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Visitors stop by the booth of Nvidia at the Apsara Conference, an annual cloud service technology forum hosted by Alibaba Group, in Hangzhou in October 2021. Photo: AP

Tech war: China chip veteran says Nvidia is hard to replace in artificial intelligence, urges start-ups to catch up

  • Nvidia supplies 95 per cent of general-purpose GPUs in AI training systems, said Lu Jianping of Shanghai-based chip rival Iluvatar Corex
  • China’s GPU start-ups should focus on ‘versatility’ by supporting more algorithms to ensure the chips are supported by more systems, he said

Nvidia has a near monopoly on graphics processing units (GPUs) used to train artificial intelligence (AI), a chip expert at the country’s leading rival to the Californian tech giant said on Wednesday.

Lu Jianping, chief technology officer at Shanghai-based Iluvatar Corex, said Nvidia controls 95 per cent of the market for general-purpose GPUs used to train AI models. He made the comments during an online session organised by China’s ICwise, a consultancy focused on the country’s chip supply chain.

While local Chinese rivals have started to develop their own GPUs, they are still not able to challenge industry giants AMD and Nvidia, according to Lu, who previously worked for Nvidia and Samsung Electronics. However, Lu said Chinese firms could catch up by improving “versatility” through support for more AI algorithms.

With latest US chip ban, China’s AI castle could be built on Nvidia sand

“If a client has developed an AI algorithm … it should be able to run on an Nvidia chip, but also on an Iluvator chip,” Lu said.

The online session focused what has become a major debate in China’s chip industry since the US government’s decision last month to restrict Nvidia from selling its two most advanced chips, the A100 and the upcoming H100, to clients in China, which has sent shock waves through China’s AI, cloud computing and smart vehicle industries, as there is no immediate substitute for those GPUs.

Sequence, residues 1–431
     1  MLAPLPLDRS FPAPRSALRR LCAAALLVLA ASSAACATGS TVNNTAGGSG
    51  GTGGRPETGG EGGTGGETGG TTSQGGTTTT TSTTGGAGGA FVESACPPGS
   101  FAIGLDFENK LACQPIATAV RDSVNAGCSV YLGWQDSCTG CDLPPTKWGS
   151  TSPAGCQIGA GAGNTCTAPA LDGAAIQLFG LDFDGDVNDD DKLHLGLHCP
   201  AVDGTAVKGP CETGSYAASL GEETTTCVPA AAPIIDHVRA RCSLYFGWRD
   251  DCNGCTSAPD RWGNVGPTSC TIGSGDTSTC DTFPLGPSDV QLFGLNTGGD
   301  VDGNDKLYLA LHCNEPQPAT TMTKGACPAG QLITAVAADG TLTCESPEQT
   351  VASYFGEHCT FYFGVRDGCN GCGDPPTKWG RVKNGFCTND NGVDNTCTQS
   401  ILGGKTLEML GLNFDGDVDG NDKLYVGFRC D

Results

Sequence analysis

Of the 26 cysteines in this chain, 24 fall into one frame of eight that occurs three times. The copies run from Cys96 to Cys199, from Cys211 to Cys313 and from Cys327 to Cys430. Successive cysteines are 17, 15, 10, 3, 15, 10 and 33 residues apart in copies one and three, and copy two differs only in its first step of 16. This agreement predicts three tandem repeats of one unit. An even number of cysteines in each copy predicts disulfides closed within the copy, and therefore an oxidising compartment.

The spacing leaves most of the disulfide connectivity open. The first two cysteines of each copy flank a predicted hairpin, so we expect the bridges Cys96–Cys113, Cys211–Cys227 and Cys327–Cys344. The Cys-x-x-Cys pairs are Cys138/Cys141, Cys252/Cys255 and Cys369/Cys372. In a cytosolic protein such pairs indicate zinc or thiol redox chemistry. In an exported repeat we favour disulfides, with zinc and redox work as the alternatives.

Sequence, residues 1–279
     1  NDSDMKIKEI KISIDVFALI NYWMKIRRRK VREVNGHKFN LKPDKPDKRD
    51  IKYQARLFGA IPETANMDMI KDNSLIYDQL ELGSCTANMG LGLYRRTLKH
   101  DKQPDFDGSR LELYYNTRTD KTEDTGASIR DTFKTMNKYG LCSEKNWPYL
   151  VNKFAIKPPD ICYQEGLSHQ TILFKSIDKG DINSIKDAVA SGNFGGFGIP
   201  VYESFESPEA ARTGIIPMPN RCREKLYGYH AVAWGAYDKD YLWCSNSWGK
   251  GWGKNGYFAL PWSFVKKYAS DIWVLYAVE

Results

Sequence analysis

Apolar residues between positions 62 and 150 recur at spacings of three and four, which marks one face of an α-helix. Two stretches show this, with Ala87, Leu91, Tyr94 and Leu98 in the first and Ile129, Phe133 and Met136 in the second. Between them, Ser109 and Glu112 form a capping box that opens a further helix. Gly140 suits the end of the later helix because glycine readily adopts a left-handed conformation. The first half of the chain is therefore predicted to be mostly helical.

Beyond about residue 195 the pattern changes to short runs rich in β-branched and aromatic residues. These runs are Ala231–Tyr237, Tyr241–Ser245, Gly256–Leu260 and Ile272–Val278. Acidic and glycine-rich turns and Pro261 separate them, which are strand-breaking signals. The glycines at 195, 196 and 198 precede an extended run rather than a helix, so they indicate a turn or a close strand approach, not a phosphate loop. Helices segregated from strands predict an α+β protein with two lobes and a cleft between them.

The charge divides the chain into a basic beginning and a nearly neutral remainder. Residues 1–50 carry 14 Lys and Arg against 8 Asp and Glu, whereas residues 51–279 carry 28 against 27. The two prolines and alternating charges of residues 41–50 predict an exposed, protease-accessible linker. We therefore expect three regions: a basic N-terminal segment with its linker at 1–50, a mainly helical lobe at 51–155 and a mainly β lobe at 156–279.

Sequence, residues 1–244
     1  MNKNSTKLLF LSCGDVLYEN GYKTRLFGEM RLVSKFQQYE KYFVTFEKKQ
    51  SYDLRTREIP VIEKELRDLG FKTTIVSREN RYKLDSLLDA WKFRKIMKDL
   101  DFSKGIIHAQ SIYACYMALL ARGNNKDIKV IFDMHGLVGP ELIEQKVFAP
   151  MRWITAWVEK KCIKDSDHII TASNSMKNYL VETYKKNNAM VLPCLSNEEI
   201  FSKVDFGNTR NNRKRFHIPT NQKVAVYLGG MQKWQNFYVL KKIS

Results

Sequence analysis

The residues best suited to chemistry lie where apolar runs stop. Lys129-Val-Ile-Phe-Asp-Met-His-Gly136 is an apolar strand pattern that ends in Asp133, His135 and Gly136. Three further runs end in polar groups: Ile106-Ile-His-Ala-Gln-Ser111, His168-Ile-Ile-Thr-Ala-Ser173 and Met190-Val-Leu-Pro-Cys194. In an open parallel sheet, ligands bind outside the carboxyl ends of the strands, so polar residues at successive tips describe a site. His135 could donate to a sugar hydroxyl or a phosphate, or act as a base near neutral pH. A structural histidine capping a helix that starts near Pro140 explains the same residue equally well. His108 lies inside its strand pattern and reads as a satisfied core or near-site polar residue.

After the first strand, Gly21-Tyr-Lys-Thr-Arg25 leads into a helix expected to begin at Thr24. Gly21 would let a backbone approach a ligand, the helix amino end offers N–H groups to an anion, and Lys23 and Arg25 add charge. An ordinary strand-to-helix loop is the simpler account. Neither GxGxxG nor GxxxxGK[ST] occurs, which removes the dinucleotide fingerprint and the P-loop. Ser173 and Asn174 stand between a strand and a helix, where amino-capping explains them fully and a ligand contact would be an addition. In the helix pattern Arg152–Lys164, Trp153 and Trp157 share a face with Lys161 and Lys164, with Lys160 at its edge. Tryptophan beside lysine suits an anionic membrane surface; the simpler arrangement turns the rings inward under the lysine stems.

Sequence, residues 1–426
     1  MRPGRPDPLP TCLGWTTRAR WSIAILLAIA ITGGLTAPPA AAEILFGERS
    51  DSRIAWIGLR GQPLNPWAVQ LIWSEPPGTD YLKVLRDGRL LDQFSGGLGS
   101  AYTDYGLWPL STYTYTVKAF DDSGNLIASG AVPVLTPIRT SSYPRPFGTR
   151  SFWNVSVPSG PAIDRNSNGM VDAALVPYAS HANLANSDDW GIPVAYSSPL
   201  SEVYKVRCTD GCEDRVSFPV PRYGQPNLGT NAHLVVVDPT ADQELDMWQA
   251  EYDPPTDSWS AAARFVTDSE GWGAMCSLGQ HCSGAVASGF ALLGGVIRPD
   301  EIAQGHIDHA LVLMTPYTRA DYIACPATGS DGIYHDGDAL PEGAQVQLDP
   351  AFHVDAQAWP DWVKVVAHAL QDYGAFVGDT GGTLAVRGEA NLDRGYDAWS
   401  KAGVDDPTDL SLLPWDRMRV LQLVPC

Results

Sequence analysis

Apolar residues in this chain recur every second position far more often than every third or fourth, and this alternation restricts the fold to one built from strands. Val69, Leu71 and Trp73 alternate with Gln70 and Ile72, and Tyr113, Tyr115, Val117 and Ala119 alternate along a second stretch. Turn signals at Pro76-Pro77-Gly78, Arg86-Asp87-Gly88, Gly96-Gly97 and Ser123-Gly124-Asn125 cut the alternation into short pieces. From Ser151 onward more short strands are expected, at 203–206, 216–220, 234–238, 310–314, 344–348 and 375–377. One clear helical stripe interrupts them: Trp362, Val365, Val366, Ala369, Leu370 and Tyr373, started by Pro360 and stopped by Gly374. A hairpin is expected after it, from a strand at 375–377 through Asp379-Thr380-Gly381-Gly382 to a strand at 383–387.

Iluvatar Corex could be the best positioned Chinese start-up that stands to benefit from the US restrictions, as it claims to have the only domestically produced GPU in mass production. The Tiangai 100, which took four years to develop and is already being used for cloud computing applications, has received 230 million yuan (US$33 million) in orders so far, the company said at the 2022 World AI Conference in Shanghai this month.

Lu said that he was unable to find any mature “rival products” from Chinese GPU start-ups for assessment against Nvidia chips. “So far we can’t get any, probably because everyone is still in the development stage,” he said.


AI chip maker ordered by US government to halt exports to China

AI chip maker ordered by US government to halt exports to China

Meanwhile, continued computation demand in China AI applications will give local start-ups an opportunity to grow, according to Lu. As a starting point, Chinese GPU companies can “benchmark” their products against those from Nvidia.

“Making products not far from what Nvidia can offer is key to continue generating revenue,” he said.

Nvidia said the US licensing requirement may result in sales losses of up to US$400 million in its third financial quarter, but the company is talking with Chinese clients about alternative products not included in export controls as replacements.